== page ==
The literature assessing demand-side energy efficiency potential, and the policies that can be deployed to tap this potential has traditionally focused on developed and emerging economies. We review the state of knowledge on demand-side energy efficiency investments, and reframe the discussion in terms that are better suited to a low
income country setting. This reframing opens up new lines of inquiry which have been under-emphasized to date. We provide a conceptual framework for exploring questions concerning the returns on investment in energy efficiency, market failures and barriers that can lead to under-investment, rebound effects, and policies designed to accelerate cost-effective investment. We highlight some institutional considerations that should inform policy prioritization and implementation in LIC settings. A case study of a large scale efficiency program in India underscores both the challenges and the potential for welfare improving energy efficiency programs in the developing world.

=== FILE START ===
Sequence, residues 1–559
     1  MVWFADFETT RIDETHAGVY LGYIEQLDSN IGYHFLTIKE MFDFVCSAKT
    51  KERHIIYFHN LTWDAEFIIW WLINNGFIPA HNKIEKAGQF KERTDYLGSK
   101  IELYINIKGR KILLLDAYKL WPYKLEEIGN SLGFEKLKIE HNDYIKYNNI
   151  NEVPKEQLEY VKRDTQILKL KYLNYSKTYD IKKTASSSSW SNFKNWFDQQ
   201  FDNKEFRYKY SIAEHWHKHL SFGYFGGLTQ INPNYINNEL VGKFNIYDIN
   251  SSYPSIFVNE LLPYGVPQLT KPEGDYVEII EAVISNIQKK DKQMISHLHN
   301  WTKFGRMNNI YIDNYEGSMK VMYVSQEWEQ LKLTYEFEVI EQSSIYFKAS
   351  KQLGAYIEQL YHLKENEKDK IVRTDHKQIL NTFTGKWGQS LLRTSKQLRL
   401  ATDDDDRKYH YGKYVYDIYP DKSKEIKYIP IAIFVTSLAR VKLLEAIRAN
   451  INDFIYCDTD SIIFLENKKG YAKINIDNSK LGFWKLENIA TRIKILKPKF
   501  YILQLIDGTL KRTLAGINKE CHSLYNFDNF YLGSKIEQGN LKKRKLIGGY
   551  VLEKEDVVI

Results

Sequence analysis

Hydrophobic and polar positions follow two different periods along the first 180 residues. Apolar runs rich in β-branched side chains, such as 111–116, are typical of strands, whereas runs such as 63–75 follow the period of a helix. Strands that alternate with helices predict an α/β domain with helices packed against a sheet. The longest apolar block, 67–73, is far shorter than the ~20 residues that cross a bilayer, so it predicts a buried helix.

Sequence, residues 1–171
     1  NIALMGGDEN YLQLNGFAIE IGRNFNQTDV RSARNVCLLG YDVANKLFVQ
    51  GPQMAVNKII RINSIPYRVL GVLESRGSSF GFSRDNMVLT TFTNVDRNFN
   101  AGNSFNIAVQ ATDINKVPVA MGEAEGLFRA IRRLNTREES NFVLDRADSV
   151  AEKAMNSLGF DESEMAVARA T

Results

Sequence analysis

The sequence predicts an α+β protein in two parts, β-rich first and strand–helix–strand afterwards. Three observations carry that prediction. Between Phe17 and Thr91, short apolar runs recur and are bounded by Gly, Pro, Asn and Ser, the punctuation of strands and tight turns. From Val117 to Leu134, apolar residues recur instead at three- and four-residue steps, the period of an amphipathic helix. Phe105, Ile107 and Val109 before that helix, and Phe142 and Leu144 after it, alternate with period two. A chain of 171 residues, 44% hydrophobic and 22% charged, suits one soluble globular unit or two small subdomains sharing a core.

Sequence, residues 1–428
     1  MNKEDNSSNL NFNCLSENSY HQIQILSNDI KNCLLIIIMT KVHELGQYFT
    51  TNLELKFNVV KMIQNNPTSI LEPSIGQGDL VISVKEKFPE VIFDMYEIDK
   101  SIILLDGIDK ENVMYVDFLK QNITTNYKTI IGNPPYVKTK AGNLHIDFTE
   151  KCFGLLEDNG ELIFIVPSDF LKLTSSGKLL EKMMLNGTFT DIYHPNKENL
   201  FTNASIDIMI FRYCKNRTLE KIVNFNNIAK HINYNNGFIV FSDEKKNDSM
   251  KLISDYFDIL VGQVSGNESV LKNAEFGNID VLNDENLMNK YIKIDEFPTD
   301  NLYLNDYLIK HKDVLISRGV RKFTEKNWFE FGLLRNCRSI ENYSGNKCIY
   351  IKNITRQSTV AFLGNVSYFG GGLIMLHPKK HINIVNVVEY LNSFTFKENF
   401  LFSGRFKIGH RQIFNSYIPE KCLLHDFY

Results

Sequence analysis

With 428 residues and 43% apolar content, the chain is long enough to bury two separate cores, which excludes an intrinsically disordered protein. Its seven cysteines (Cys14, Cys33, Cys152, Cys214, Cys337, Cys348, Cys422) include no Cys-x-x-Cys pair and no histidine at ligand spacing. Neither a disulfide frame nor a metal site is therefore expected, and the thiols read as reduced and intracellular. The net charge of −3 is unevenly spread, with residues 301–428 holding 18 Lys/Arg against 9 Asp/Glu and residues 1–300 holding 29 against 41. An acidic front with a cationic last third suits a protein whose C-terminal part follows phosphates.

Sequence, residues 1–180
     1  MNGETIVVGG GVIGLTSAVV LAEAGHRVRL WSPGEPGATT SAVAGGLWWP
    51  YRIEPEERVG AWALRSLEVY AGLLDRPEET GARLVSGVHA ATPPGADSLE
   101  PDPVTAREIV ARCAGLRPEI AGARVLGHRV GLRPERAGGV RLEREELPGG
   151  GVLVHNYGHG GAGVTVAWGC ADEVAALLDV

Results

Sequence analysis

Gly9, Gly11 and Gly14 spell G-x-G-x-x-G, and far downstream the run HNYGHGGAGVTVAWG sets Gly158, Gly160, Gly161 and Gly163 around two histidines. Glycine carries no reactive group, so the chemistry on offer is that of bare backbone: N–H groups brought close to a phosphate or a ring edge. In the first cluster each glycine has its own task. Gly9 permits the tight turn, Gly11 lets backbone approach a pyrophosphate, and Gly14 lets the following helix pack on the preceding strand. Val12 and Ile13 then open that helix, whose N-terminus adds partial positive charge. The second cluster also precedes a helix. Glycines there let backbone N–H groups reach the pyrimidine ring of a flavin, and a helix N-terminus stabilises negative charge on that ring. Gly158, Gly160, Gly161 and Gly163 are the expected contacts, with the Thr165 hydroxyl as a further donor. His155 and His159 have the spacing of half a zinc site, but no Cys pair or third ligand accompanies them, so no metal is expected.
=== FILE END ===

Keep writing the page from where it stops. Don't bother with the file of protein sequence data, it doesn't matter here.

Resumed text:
This research was supported by the UK Department for International Development’s Energy and Economic Growth Applied Research Programme.
Fowlie, M. and Phadke, A (2017) Energy Efficiency in the Developing World, EEG State-of-Knowledge Paper Series, Oxford Policy Management, Center for Effective Global Action, Energy Institute @ Haas, 28p